Single in the City: Can I afford a condo unit?

PropertyGuru Editorial Team
Single in the City: Can I afford a condo unit?
In efforts to help single Singapore citizens afford to buy their own homes, the government introduced housing grants and schemes specifically catered to singles here, enabling them to purchase resale HDB flats. In 2013, the Single Singapore Citizen (SSC) scheme was introduced, allowing singles to purchase new, subsidised two-room flats – expanding the variety of properties the average working Singaporean single can purchase.
Since then, owning a home as a single has become relatively easier as a single, compared to the past.
However, not all singles can avail themselves these grants as they are limited by eligibility requirements that many Singaporean singles are not always able to meet—preventing them from owning an HDB flat. This is part of the reasons why some of these singles turn to the private property market, in hopes of realising their dreams of owning a home.
But is it really possible for singles to buy a condominium property on their own?
Example: 1-Bedroom condominium unit, District 17
Purchase Price: 450,000
Unlike buying public housing units, the only restriction to buying private property – whatever your marital status – essentially, is the amount you can afford.
An easy to find out what the potential price tag on a private property you can buy to use is to use PropertyGuru’s Affordability Calculator. This tool allows you to estimate how much you can afford based on your current financial standing.
If you are single and are looking to purchase a private property, finding out what type of private property you can buy is easy if you can determine the following: your monthly gross income, the available funds you can tap on, and the amount of bank loan you can avail based on your outstanding bank debts.
Let’s say you are a 33-year-old single who earns an average of S$4,500 a month (where S$1,100 is being allocated to the CPF Ordinary Account). If you started working at the age of 23, we will assume have saved about S$108,000 in your CPF Ordinary Account having worked for ten years. Now, let’s say you have also managed to save S$37,000 in cash – this brings total funds you can tap on to buy a private property to S$145,000.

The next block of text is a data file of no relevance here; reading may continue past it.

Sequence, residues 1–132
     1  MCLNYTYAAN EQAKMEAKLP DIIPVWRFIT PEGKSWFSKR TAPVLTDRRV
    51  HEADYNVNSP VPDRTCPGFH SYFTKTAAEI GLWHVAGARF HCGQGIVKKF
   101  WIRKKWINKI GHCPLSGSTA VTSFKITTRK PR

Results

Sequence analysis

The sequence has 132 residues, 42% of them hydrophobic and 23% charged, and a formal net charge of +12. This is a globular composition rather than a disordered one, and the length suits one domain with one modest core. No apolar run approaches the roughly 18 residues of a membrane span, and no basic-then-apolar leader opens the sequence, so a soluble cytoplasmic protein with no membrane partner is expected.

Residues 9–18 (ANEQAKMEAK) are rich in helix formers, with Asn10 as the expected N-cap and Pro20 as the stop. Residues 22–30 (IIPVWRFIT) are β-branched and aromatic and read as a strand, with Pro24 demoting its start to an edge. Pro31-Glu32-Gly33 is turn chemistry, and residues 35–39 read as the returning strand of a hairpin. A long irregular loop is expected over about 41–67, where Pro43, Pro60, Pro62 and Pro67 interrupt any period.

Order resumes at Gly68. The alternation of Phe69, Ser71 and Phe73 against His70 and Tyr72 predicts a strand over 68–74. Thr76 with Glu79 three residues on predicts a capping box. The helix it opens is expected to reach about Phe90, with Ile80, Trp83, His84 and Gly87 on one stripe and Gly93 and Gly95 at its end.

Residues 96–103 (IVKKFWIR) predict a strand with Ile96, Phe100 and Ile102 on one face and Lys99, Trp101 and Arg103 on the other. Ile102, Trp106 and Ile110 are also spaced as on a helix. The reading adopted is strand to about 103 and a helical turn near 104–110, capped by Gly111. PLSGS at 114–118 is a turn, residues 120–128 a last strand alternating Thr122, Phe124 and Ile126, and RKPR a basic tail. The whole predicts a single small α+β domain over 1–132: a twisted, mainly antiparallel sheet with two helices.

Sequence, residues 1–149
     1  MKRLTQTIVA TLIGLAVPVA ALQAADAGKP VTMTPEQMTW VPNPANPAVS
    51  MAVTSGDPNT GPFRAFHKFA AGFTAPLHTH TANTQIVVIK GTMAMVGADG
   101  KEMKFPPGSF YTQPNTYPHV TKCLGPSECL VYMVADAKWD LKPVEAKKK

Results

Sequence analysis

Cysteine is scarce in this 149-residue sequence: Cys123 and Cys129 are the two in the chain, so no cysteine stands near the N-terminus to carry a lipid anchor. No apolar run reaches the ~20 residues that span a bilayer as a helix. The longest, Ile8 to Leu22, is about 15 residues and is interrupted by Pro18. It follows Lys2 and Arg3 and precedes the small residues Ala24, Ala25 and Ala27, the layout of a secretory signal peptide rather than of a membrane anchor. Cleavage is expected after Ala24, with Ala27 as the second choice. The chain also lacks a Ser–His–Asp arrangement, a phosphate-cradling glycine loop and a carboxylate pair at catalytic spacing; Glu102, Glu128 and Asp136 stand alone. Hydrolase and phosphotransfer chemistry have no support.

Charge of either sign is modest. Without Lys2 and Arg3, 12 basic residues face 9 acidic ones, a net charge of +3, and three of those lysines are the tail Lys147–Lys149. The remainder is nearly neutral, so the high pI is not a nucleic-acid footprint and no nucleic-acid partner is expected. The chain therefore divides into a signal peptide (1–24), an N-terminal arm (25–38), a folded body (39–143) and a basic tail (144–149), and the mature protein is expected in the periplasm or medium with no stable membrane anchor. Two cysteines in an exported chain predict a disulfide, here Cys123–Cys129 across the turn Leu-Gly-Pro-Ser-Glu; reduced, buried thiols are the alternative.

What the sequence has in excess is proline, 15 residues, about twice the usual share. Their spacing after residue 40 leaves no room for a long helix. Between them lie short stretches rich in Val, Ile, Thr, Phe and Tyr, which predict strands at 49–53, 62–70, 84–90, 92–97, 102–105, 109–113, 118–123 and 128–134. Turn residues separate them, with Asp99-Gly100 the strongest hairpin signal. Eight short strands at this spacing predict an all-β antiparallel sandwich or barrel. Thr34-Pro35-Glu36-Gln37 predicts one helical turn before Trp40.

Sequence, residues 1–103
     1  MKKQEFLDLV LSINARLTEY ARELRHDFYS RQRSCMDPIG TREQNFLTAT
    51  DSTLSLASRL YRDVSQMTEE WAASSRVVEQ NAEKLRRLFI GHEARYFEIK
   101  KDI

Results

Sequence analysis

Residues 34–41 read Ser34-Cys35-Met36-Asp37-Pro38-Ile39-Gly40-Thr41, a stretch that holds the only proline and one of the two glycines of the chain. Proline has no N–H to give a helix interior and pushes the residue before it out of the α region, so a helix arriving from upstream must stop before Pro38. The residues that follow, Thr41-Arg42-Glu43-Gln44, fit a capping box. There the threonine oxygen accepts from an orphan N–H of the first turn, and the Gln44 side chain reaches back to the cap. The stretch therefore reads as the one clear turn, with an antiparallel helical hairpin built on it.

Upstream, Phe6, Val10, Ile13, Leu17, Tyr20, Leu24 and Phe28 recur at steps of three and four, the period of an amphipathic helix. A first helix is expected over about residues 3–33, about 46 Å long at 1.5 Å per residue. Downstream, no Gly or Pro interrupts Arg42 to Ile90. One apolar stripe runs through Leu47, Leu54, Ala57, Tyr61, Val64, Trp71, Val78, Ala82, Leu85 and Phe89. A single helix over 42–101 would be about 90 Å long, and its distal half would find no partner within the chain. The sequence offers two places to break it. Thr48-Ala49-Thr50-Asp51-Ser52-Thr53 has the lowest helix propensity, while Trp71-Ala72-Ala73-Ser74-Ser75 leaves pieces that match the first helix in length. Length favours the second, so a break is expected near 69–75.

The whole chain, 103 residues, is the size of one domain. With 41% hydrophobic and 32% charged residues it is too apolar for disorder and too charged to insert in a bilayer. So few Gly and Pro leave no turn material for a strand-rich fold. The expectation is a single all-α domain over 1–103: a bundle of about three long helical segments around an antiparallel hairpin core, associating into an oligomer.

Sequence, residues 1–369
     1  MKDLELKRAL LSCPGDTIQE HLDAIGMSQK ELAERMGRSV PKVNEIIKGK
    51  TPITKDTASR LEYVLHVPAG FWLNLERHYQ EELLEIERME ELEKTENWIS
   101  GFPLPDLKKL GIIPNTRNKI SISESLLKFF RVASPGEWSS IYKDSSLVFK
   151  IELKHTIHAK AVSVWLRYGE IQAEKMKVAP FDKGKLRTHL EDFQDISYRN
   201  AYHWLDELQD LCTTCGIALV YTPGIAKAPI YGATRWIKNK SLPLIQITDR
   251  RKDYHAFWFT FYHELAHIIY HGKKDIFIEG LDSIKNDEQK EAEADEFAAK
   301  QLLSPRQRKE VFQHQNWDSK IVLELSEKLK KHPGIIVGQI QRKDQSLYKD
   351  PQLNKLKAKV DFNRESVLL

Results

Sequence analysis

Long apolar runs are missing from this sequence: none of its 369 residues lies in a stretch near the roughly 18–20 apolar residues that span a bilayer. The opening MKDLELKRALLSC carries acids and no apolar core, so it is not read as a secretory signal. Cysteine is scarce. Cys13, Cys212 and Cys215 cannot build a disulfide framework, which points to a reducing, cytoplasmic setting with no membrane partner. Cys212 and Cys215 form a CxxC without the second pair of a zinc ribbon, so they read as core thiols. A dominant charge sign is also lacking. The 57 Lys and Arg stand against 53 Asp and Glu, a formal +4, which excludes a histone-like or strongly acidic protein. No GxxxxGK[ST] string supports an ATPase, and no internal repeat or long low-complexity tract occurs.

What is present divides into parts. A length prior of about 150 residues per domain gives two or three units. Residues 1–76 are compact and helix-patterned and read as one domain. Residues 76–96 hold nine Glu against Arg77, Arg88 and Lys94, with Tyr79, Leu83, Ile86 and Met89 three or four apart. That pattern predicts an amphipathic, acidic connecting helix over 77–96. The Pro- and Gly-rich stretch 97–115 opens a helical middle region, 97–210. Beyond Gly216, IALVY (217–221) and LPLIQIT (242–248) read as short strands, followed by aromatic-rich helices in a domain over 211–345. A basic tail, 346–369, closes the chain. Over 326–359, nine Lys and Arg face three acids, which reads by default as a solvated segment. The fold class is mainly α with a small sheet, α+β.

S$108,000 + S$37,000 = S$145,000

If the property costs S$450,000, with your available fund for deposit of S$130,330 (after the deduction of S$14,670 for fees, duties and taxes), you will have the remaining S$319,670 to finance.
The next step you need to do is determine how much bank loan you can avail to finance your purchase. If you are earning S$4,500 a month and do not have any outstanding debts, you can estimate the amount of loan you can avail based on the Total Debt Servicing Ratio (TDSR) regulation. The regulation stipulates that an individual may not use more than 60 percent of their gross monthly income to service their debts. TDSR is calculated as follows:

Gross income x percentage limit = TDSR limit

S$4,500 x 0.60 = S$2,700

This means if you have S$2,700 of your income that you can put towards mortgage servicing, you will be able to repay your mortgage in 10 to 20 years, depending on how much of the TDSR limit you are willing to use. To calculate your mortgage repayment, you can use PropertyGuru’s Mortgage Repayment Calculator.
Do note that aside from the purchase price, there are expenses that are other types of expenses beyond your mortgage repayments. To have an overview of some of the costs involved in owning a home in Singapore, visit PropertyGuru’s Mortgage Guides.
Just like any other investments, buying a property is a matter of how much you can and are willing to commit to fulfilling it. While singles here might think that the purchase of a property, especially private housing, is next to impossible – having enough knowledge on what options and tools are available is already a step closer to realising the dream of owning one.
Disclaimer: The information is provided for general information only. PropertyGuru Pte Ltd makes no representations or warranties in relation to the information, including but not limited to any representation or warranty as to the fitness for any particular purpose of the information to the fullest extent permitted by law. While every effort has been made to ensure that the information provided in this article is accurate, reliable, and complete as of the time of writing, the information provided in this article should not be relied upon to make any financial, investment, real estate or legal decisions. Additionally, the information should not substitute advice from a trained professional who can take into account your personal facts and circumstances, and we accept no liability if you use the information to form decisions.